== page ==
Format

Send to

Choose Destination
Neuroimage Clin. 2019;21:101620. doi: 10.1016/j.nicl.2018.101620. Epub 2018 Dec 3.

Effects of high- and low-frequency repetitive transcranial magnetic stimulation on motor recovery in early stroke patients: Evidence from a randomized controlled trial with clinical, neurophysiological and functional imaging assessments.

Author information

1
Department of Neurology, Jinling Hospital, Nanjing University School of Medicine, Nanjing 210002, China.
2
Department of Medical Imaging, Jinling Hospital, Nanjing University School of Medicine, Nanjing 210002, China.
3
Research Center for Motor Control and Neuroplasticity, KU Leuven, Tervuursevest 101, 3001 Leuven, Belgium; Department of Neurorehabilitation, IRCCS San Camillo Hospital Foundation, Via Alberoni, 70, 30126 Venice Lido, Italy.
4
Department of Medical Imaging, Jinling Hospital, Nanjing University School of Medicine, Nanjing 210002, China; State Key Laboratory of Analytical Chemistry for Life Science, Nanjing University, Nanjing 210002, China. Electronic address: zhangzq2001@126.com.
5
Department of Medical Imaging, Jinling Hospital, Nanjing University School of Medicine, Nanjing 210002, China; State Key Laboratory of Analytical Chemistry for Life Science, Nanjing University, Nanjing 210002, China. Electronic address: cjr.luguangming@vip.163.com.
6
Department of Neurology, Jinling Hospital, Nanjing University School of Medicine, Nanjing 210002, China. Electronic address: xfliu2@vip.163.com.

Abstract

BACKGROUND:

Repetitive transcranial magnetic stimulation (rTMS) can modulate cortical excitability, and may be beneficial for motor recovery after stroke. However, the neuroplasticity effects of rTMS have not been thoroughly investigated in the early stage after stroke.

OBJECTIVE:

To comprehensively assess the effects of high- and low-frequency repetitive transcranial magnetic stimulations on motor recovery in early stroke patients, using a randomized controlled trial based on clinical, neurophysiological and functional imaging assessments.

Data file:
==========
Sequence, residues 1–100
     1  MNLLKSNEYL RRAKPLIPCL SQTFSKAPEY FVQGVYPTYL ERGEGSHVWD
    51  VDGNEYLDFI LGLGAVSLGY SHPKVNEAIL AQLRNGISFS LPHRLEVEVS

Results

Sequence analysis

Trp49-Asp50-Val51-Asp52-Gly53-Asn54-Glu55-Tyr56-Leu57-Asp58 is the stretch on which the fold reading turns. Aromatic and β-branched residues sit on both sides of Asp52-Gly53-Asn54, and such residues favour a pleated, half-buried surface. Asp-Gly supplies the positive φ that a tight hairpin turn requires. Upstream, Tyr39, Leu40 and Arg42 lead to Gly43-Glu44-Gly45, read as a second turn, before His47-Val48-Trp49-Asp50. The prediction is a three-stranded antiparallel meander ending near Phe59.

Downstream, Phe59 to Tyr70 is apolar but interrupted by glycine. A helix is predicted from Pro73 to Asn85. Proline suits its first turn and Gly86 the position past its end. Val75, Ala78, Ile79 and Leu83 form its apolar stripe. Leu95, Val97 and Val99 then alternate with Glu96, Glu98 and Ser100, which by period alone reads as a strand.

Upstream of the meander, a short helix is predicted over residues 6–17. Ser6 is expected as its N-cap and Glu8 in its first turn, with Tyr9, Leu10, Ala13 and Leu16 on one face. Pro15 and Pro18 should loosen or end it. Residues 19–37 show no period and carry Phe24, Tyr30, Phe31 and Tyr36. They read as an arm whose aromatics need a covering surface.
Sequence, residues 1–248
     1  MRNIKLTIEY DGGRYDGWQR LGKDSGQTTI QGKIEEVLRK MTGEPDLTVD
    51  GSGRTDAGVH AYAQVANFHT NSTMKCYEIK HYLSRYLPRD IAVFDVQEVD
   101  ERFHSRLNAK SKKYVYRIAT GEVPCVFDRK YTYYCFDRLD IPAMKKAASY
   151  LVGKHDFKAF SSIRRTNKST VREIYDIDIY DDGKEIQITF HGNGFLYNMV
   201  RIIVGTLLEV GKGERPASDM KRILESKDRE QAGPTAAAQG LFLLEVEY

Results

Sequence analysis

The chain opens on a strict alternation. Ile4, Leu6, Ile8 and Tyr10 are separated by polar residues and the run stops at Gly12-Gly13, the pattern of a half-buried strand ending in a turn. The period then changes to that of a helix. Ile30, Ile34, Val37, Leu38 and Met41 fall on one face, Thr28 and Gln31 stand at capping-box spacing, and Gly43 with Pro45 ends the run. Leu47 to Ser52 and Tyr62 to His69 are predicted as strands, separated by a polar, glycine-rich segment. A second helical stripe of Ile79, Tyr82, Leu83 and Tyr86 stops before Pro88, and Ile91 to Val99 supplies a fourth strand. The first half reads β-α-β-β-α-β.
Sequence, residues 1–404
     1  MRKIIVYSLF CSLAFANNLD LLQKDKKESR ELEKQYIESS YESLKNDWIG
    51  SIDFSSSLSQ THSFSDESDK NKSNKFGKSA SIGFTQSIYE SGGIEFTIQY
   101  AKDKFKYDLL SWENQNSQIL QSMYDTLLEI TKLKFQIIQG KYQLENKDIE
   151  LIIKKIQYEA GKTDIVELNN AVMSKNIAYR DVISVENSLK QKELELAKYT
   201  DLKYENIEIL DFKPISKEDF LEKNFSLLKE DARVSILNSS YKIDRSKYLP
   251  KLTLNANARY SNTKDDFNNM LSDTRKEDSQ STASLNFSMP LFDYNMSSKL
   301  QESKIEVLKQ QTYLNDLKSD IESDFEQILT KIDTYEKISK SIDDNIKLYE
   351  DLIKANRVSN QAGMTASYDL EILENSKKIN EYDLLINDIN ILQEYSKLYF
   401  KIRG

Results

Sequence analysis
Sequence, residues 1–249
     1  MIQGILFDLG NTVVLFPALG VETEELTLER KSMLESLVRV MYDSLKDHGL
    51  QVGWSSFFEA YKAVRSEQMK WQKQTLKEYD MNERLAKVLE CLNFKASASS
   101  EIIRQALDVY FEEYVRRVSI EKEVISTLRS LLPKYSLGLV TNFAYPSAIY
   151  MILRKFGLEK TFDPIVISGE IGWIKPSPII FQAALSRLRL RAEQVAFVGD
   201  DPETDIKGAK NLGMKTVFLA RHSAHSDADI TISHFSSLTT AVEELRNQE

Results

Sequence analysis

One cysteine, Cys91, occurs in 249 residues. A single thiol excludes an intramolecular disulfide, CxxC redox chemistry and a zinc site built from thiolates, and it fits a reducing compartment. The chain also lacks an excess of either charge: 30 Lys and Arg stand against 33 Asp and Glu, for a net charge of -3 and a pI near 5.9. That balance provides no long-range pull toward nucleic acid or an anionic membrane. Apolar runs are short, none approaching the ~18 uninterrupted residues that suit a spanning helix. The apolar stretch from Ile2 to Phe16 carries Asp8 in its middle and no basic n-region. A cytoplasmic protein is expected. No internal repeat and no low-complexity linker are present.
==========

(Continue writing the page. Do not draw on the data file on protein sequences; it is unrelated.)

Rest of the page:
METHODS:

Sixty hospitalized, first-ever ischemic stroke patients (within 2 weeks after stroke) with motor deficits were randomly allocated to receive, in addition to standard physical therapy, five consecutive sessions of either: (1) High-frequency (HF) rTMS at 10 Hz over the ipsilesional primary motor cortex (M1); (2) Low-frequency (LF) rTMS at 1 Hz over the contralesional M1; (3) sham rTMS. The primary outcome measure was a motor impairment score (Upper Extremity Fugl-Meyer) evaluated at baseline, after rTMS intervention, and at 3-month follow-up. Cortical excitability and functional magnetic resonance imaging (fMRI) data were obtained within 24 h before and after rTMS intervention. Analyses of variance were conducted to compare the recovery effects among the three rTMS groups, assessed using clinical, neurophysiological and fMRI tests.

RESULTS:

Motor improvement was significantly larger in the two rTMS groups than in the control group. The HF-rTMS group showed significantly increased cortical excitability and motor-evoked fMRI activation in ipsilesional motor areas, whereas the LF-rTMS group had significantly decreased cortical excitability and motor-evoked fMRI activation in contralesional motor areas. Activity in ipsilesional motor cortex significantly correlated with motor function, after intervention as well as at 3-month follow-up.

CONCLUSION:

HF- and LF-rTMS can both improve motor function by modulating motor cortical activation in the early phase of stroke.

KEYWORDS:

Interhemispheric inhibition; Motor recovery; Neuroplasticity; Stroke; Transcranial magnetic stimulation; fMRI

Supplemental Content

Full text links

Icon for Elsevier Science Icon for PubMed Central
Loading ...
Support Center